The other Japanese story was told me by General Abernethy while I was his Chief of Staff, at Headquarters, H.S.C.A.B.
He played golf regularly at the Oahu Country Club, and always used the same Caddy, a Japanese boy about 18 years old, who was very intelligent, and who never failed to be on hand waiting on the days that General Abernethy played golf. General Abernethy became quite fond of the boy and enjoyed talking to him.
One afternoon, as the foursome was returning to the Club house to try to make par on the 19th hole, the boy told General Abernethy that he wished to speak to him, and when the two of them had fallen behind the others the boy told him that that was the last time he would be able to caddy for him, that he had just received his summons to go to Japan for several years of military service, and that he would have to leave in a few days.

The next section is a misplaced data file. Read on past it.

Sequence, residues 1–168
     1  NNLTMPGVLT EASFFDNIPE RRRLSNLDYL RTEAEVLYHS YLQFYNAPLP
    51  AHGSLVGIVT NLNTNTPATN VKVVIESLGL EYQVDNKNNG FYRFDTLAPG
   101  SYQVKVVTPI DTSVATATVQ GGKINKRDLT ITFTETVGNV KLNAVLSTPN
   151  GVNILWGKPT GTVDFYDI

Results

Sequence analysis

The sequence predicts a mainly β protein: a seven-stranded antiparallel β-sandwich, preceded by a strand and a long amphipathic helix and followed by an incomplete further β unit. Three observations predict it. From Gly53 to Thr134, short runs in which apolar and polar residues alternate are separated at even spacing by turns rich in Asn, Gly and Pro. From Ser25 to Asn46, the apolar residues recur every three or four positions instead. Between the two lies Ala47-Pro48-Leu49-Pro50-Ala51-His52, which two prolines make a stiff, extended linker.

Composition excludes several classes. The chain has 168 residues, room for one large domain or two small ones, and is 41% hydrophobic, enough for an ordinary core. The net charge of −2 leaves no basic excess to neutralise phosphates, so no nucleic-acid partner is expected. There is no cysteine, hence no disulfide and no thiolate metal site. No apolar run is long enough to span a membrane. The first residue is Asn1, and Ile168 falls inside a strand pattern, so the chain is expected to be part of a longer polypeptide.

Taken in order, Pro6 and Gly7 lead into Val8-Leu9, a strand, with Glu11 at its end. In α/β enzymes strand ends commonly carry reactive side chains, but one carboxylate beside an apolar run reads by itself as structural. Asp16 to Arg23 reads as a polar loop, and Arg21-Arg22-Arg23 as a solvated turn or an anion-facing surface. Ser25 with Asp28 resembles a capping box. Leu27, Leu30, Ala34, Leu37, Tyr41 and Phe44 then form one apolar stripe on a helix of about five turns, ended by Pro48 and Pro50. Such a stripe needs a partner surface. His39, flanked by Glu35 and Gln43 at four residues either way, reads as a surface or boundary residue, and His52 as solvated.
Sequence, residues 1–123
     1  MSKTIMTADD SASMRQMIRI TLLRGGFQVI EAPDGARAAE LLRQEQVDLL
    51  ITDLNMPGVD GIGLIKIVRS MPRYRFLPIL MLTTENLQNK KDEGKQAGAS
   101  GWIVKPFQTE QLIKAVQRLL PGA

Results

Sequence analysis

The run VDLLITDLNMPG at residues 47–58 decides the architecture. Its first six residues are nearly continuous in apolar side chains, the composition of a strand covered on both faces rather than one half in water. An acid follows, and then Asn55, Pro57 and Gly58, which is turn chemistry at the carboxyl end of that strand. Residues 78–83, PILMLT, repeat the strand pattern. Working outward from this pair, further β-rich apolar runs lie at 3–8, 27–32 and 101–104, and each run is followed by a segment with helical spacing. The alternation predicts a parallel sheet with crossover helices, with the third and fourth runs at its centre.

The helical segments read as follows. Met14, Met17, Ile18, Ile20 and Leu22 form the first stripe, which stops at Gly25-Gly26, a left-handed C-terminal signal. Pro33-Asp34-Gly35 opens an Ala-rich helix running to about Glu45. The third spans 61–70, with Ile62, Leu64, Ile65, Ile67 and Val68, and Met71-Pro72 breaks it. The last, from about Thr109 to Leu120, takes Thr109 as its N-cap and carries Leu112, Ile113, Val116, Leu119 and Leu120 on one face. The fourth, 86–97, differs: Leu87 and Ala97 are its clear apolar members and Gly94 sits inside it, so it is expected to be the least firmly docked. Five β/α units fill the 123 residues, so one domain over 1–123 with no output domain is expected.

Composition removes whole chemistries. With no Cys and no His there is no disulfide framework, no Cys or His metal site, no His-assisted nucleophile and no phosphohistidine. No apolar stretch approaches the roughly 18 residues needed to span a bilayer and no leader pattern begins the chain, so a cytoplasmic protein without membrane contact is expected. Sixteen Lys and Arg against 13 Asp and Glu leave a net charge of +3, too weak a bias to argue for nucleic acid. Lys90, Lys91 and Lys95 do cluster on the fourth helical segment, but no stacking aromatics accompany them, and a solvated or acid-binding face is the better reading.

General Abernethy expressed his regret and told the boy good by.
About two days later he went out to play again and was much surprised when he found the boy waiting, as usual, to caddy for him.
He asked him how it was that he had not left for Japan.
The boy replied: "It is the Japanese law that if a father has died his eldest son is exempt from military service. Last week my father killed himself so that I would not have to go."
I think these two stories are interesting in that they illustrate some of the perhaps conflicting characteristics of the Japanese mentality that we Americans sometimes find it hard to understand.